teamquality <-  data.frame(TeamID= as.numeric(row.names(re)),quality=exp(re[,"(Intercept)"]))

left_join(teamquality %>% top_n(10, quality) %>% arrange(desc(quality)), Teams %>% select(TeamID, TeamName))
## Joining, by = "TeamID"
##    TeamID   quality      TeamName
## 1    1246 34.334707      Kentucky
## 2    1437 19.603919     Villanova
## 3    1438 17.986260      Virginia
## 4    1181 17.734007          Duke
## 5    1458 16.161561     Wisconsin
## 6    1211 15.434632       Gonzaga
## 7    1112 14.570116       Arizona
## 8    1323 11.298356    Notre Dame
## 9    1320 10.190826 Northern Iowa
## 10   1242  9.410988        Kansas

Kentucky stands out far above the rest with a quality of 34.33, meaning that Kentucky has a $$\frac{34.33}{1+34.33} \approx 97 \%$$ chance of beating an average team and a $$\frac{(34.33/19.6)}{1+(34.33/19.6)} \approx 64\%$$ chance of beating Villanova, the second highest rated team.

Kentucky’s high rating is consistent with betting odds entering the 2015 tournament.

We can use this model to create ratings for each team for each season and use them to predict tournament results as follows:

games.to.predict <- cbind(SampleSubmission$ID, colsplit(SampleSubmission$ID, pattern = "_", names = c('season', 'team1', 'team2')))
colnames(games.to.predict) <- "ID"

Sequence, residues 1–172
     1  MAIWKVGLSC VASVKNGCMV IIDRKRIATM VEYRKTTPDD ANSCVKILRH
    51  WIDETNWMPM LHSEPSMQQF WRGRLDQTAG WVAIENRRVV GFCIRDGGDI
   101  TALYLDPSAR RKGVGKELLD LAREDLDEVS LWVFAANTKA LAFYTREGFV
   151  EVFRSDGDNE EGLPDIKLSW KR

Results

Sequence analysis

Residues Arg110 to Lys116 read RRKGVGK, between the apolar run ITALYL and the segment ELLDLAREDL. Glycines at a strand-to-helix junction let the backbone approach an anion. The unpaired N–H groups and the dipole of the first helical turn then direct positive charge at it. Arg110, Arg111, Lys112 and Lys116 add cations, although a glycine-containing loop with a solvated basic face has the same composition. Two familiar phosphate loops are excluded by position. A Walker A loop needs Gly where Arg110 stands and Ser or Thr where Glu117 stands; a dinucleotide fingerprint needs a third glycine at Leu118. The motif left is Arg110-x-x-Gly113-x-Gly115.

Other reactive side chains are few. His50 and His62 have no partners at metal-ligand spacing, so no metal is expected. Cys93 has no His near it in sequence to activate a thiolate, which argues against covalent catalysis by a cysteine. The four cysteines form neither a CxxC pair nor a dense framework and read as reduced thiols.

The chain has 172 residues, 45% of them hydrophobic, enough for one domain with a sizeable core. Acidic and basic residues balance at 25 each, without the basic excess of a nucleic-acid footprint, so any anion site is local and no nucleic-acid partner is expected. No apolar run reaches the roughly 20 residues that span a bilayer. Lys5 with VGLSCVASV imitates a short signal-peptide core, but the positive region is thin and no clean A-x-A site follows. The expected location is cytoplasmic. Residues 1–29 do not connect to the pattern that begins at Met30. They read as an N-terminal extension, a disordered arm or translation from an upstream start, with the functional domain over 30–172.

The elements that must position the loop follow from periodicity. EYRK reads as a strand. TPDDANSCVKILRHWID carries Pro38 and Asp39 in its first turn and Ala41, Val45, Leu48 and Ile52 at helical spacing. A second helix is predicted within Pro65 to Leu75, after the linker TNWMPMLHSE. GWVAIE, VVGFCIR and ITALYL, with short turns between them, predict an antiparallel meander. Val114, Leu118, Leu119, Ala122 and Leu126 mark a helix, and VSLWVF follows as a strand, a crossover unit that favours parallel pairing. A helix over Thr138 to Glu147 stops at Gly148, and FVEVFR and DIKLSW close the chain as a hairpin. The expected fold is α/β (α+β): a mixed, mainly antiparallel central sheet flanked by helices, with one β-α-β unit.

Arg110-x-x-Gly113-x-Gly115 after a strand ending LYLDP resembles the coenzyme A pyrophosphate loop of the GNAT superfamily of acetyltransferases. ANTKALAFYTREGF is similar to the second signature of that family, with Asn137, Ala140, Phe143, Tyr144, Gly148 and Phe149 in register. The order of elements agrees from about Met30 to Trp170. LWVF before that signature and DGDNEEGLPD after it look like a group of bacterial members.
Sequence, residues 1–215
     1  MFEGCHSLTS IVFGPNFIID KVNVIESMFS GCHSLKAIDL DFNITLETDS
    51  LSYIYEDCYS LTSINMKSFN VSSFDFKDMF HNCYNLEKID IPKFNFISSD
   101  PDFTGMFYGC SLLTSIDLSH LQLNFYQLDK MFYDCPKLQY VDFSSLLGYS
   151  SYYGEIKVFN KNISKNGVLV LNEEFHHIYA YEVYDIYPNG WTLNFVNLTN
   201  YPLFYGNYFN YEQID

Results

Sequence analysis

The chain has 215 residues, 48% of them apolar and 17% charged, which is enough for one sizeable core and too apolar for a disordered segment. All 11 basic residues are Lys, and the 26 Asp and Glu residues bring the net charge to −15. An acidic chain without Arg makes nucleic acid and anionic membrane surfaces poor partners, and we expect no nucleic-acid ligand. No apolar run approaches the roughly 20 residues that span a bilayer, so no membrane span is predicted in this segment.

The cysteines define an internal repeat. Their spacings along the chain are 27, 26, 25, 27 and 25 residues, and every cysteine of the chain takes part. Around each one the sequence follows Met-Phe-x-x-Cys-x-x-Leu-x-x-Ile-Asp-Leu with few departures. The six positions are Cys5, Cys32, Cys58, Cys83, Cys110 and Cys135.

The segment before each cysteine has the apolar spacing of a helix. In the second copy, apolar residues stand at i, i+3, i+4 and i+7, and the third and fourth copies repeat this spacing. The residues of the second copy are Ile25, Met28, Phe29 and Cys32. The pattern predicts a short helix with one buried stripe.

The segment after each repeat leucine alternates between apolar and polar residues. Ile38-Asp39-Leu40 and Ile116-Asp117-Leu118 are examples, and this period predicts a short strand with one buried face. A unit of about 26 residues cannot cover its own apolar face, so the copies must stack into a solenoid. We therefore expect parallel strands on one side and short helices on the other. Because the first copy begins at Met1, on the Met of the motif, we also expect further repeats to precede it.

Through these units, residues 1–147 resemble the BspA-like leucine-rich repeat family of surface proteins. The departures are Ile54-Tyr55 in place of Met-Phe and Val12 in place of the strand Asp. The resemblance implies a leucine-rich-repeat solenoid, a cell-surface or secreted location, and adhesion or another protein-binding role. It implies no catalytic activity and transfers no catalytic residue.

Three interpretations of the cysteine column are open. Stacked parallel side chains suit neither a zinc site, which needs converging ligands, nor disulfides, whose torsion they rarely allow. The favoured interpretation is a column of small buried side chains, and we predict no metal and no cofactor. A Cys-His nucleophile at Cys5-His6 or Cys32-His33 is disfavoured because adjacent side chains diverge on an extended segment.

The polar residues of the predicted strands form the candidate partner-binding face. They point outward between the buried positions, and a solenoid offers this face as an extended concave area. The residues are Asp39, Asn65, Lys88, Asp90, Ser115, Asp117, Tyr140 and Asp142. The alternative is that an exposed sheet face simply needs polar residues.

games.to.predict$home <- 0 games.to.predict$Pred <- 0.5

for (pred.season in 2014:2018){
print(pred.season)
sub1 <- RegularSeasonCompactResults %>% filter(Season==pred.season) %>% mutate(team1=as.factor(WTeamID), team2=as.factor(LTeamID), outcome=1) %>% select(team1, team2, home, outcome)

sub2 <- RegularSeasonCompactResults %>% filter(Season==pred.season) %>% mutate(team1=as.factor(LTeamID), team2=as.factor(WTeamID), home=-1*home, outcome=0) %>% select(team1, team2, home, outcome)

reg.results <- rbind(sub1, sub2)

mbt <- glmer(outcome ~ home +  (1 | team1) + (1 | team2), data = reg.results, family = binomial)

games.to.predict[games.to.predict$season==pred.season,"Pred"]<- predict(mbt, newdata=games.to.predict[games.to.predict$season==pred.season,], type="response")
}
##  2014
##  2015
##  2016
##  2017
##  2018
write.csv(games.to.predict %>% select(ID, Pred), 'bradleyterry_submission.csv', row.names=FALSE)